It Takes All of Us—ALS Awareness Month

You’d be forgiven by most if you admitted you can’t keep up. There are awareness months, weeks or days for so many things. It’s not that it is a bad thing, it’s just that it is it so much. And yet here we are again, reminding you that May is ALS Awareness Month. Why?

And honestly, if you are a regular visitor here, you don’t really need reminding. As a part of the ALS community you are well aware of the challenges of this horrible disease. You are aware of the progress in research being made even as we all wish it would move faster. You are aware of the funding ALS advocates have been able to secure even as we all wish it could be more.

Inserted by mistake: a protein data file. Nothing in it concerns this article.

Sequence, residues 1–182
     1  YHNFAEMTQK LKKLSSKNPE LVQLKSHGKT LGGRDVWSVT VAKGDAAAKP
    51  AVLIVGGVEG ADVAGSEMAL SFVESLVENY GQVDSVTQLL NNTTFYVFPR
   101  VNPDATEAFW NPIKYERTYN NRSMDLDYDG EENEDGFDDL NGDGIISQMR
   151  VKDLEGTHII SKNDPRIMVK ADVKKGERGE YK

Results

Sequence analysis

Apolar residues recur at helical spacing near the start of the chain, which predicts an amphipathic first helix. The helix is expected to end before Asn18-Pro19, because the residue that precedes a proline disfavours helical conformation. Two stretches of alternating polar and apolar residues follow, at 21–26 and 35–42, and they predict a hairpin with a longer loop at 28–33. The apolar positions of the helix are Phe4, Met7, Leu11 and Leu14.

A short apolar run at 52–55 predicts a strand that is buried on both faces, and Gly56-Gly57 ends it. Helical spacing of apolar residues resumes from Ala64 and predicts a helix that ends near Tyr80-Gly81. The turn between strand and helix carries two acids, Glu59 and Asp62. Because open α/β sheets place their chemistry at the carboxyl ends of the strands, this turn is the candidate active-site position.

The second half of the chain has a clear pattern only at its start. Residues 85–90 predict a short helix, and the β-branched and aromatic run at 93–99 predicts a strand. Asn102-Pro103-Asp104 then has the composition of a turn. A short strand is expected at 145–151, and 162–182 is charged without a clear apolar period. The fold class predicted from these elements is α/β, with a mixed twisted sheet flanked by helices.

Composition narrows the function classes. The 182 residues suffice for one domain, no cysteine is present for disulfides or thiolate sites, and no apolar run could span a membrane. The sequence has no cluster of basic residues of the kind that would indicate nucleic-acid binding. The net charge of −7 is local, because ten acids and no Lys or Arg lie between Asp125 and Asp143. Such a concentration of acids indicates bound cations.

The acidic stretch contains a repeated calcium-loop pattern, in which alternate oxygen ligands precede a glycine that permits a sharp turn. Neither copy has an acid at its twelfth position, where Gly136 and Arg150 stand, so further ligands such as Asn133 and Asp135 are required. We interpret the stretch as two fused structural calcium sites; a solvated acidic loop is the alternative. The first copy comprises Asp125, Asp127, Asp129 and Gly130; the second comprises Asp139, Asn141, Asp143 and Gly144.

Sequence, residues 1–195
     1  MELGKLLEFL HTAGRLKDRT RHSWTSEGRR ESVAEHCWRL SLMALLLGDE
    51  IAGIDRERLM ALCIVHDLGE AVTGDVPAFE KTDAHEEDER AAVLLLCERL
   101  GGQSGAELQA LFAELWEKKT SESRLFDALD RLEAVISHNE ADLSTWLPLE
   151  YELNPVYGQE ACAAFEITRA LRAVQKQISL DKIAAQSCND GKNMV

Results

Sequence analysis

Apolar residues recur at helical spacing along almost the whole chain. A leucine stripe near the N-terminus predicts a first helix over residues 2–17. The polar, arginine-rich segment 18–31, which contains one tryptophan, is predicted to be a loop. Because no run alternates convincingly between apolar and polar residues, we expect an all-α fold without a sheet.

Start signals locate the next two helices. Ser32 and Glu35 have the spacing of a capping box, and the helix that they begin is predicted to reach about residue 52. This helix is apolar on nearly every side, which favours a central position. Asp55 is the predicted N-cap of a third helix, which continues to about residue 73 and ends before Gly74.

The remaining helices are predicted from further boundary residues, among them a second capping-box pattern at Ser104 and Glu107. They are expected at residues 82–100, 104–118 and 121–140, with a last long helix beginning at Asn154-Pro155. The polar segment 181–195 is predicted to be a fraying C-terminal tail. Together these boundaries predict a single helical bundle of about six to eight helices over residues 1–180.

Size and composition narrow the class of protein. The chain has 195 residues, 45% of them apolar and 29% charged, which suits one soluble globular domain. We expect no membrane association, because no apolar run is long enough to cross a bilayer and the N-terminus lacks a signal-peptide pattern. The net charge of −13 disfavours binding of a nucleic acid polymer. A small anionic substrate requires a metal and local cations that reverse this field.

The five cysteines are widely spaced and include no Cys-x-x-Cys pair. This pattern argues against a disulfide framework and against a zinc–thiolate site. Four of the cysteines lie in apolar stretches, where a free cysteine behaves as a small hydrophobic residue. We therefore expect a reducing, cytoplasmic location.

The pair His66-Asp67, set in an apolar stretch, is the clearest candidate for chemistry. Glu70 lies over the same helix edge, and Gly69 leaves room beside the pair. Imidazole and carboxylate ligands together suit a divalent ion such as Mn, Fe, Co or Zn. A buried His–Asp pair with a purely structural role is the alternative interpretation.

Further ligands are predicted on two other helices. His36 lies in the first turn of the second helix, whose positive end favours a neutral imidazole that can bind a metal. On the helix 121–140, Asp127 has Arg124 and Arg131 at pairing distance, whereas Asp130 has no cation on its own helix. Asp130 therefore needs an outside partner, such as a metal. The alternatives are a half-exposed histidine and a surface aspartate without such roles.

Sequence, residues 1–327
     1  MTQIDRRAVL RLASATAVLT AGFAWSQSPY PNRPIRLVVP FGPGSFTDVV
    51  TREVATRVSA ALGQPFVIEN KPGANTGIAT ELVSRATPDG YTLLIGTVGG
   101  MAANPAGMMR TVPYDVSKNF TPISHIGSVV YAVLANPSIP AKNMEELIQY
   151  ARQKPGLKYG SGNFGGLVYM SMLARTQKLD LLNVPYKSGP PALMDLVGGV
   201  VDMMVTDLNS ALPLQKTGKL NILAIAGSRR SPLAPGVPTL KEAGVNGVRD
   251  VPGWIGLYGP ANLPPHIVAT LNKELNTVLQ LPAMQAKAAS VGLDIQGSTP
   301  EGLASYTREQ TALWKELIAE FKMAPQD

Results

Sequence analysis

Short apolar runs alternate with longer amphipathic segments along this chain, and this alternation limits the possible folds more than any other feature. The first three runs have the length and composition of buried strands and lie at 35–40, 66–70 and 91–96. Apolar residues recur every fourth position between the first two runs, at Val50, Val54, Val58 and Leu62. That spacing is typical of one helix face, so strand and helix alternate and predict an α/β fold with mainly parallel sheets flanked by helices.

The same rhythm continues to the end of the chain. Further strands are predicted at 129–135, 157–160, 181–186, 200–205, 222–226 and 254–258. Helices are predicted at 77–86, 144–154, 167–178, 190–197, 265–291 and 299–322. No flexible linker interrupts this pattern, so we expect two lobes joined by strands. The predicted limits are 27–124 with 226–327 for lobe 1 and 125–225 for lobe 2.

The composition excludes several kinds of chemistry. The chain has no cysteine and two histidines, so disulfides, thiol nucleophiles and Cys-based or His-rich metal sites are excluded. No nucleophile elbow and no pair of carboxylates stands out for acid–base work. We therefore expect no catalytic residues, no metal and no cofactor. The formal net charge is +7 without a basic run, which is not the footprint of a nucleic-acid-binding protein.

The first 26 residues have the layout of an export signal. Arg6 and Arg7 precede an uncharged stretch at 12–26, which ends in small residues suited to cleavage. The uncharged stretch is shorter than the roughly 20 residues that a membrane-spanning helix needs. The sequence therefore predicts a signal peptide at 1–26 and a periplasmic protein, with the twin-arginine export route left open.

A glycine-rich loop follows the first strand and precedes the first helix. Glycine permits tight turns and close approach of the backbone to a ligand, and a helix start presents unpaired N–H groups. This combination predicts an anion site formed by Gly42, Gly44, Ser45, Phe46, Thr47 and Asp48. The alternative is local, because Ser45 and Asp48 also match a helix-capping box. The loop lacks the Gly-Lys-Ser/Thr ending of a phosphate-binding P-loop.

Still, ALS is categorized as a rare disease, and for a large portion of the overall population, ALS isn’t something that crosses the mind very often. Sure, they probably know about Lou Gehrig and “Lou Gehrig’s Disease,” and they probably remember the Ice Bucket Challenge and what a wild ride that was. But other than that? Like we said, it’s hard to keep up.

So it as much to remind the world as to remind ourselves that each May we work to shine a light on all people with ALS, and all the people who are working every day to find treatments, and a cure. To remind everyone that of the more than 140 active research projects around the world. To remind everyone that thanks to more than 40,000 ALS advocates, we secured millions in additional federal dollars to support that research, veterans with ALS, and to empower people with ALS to live life to the fullest.

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Thanks for Stopping By—Our 200th Post on ALS Connect